Therefore, in my book at least, both are as much emotional issues as practical ones. Personally I feel British. Englishness to me is sporting identity. And it would be less fun being rude about the Scottish rugby/football team if were were separate countries. So I'd be sad to see Scotland go, but I don't think there's anything the government could, or should, do to stop it.

I'd say the feeling I encounter amongst most of the people I talk to (in the South East) is a mild exasperation. Some have taken up the nationalist Scots welfare scroungers position, but that's quite recent and relatively rare. I think it's more a reaction against the rise in overt Scottish nationalism. For example, up until 20 years ago, most English people would have supported a Scottish sporting team unthinkingly - until the anything but England stuff became so common. And of course a natural reaction to devolution, with no tuition fees etc. But I'd say the most common reaction is "whatever". If that's what people want, good luck to them. It would be a shame.

Course, after a YES vote, that could turn into a backlash. We loved you, now we hate the bastards that pushed you away. But my strong suspicion is that it'll turn a bit uglier. It'll be "we loved you, and you rejected us you bastards", from a significant number of people. Which is why I can see the government gaining popularity from being tough in the negotiations. Hence I'm certain it's not a bluff that Scotland won't be allowed a formal currency sharing deal with rUK. And discussion on the subject will often turn unpleasant for a few years. Rejection being a powerful emotion.

I think a fudge will be found that allows Scotland to stay in the EU (probably), and if Salmond can show some diplomatic sure-footedness. He comes across too smug and demanding at the moment. But Scotland will have to lie through its teeth about promisiing to join the Euro. Well it's worked for Sweden... And it will probably cost Scotland their budget rebate and opt-outs.

Meanwhile no pound-zone. And lots of fights over national debt, assets, oil zones and the like. Can't see the government going then. But I wonder if the rest of the Union will last the long term.

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redacted

"...12-Chins Salmond...a smug t..."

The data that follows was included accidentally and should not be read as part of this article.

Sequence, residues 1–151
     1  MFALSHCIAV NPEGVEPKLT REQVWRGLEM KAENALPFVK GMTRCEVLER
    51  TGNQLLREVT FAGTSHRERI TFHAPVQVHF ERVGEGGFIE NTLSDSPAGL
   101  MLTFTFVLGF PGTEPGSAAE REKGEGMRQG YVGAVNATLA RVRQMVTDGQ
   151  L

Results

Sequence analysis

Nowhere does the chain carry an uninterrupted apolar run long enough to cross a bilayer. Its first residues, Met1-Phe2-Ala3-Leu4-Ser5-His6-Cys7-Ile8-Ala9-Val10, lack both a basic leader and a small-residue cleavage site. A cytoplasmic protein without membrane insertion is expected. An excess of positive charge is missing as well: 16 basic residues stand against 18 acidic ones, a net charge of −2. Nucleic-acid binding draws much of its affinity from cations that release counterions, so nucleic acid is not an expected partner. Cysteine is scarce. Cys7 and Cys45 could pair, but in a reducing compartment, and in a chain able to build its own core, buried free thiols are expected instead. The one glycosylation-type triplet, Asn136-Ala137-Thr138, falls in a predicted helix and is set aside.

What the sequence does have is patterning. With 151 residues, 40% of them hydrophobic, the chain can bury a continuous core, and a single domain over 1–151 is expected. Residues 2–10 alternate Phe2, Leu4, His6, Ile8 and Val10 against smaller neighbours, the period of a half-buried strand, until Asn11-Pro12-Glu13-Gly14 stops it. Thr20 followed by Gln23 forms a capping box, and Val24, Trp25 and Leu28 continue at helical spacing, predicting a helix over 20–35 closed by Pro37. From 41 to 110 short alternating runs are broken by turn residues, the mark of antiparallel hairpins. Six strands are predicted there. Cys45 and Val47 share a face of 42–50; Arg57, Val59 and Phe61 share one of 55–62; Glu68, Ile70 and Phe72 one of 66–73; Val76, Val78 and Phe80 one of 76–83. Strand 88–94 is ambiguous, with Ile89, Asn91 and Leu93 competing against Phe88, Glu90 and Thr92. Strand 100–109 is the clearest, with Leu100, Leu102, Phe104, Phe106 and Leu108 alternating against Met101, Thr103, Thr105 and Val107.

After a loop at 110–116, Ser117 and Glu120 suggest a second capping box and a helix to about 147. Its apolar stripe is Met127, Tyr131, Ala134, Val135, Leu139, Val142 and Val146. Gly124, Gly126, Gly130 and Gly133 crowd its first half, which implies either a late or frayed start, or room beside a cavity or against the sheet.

That is all.

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Re: redacted

Hmmm. The 2 thumbs downers need an IQ test methinks. I was calling salmond a tosser; an established fact. Either that or El reg has attracted a couple of Nazis?

Imagine that asking for the yes/no vote is like being on an I.T. helpdesk and asking "can you see the green start button at the bottom left of the screen?" a good 70% will say "yes" even though the monitor isn't switched on or they are facing a bsod/different OS.

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Re: redacted

Hey! He's been on Beyoncé's diet lately (yes, really), and is down to six.

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Anonymous Coward

Re: redacted

"Hmmm. The 2 thumbs downers need an IQ test methinks. I was calling salmond a tosser; an established fact. Either that or El reg has attracted a couple of Nazis?"

Took surprisingly little time for Godwin's Law to take effect. As for Salmond being a tosser, retract your libel forthwith; I have never seen him closer to a caber than the games podium or hospitality tent.

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"Tick-tock, Jock: Dock schlock for mock-stock in ad-hoc shop squawk"

Missing Moderatrix ?

http://www.theregister.co.uk/2011/06/30/moderatrix_off

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Re: "Tick-tock, Jock: Dock schlock for mock-stock in ad-hoc shop squawk"

More of a tribute, really.

C.

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I was under the impression...

...that Scotland already was using something called the poond.

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Happy

Obviously a "Wallet" to store the Bitcoins in would not be appropriate.

Therefore a glorious Tartan Digi-Sporran would be the answer.

The tartan would of course be that of the glorious "MacSakotoshi" clan

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Stop

Grocers apo'strophe

I recall a tale of a grocer who would deliberately misplace apostrophes on their signs so that people would come in to the shop to provide corrections, and often buy something whe they are in there.

I recount this only to show I'm aware that, by clicking the article to make this comment, I have fallen for the trap I am complaining about.

That headline is awful.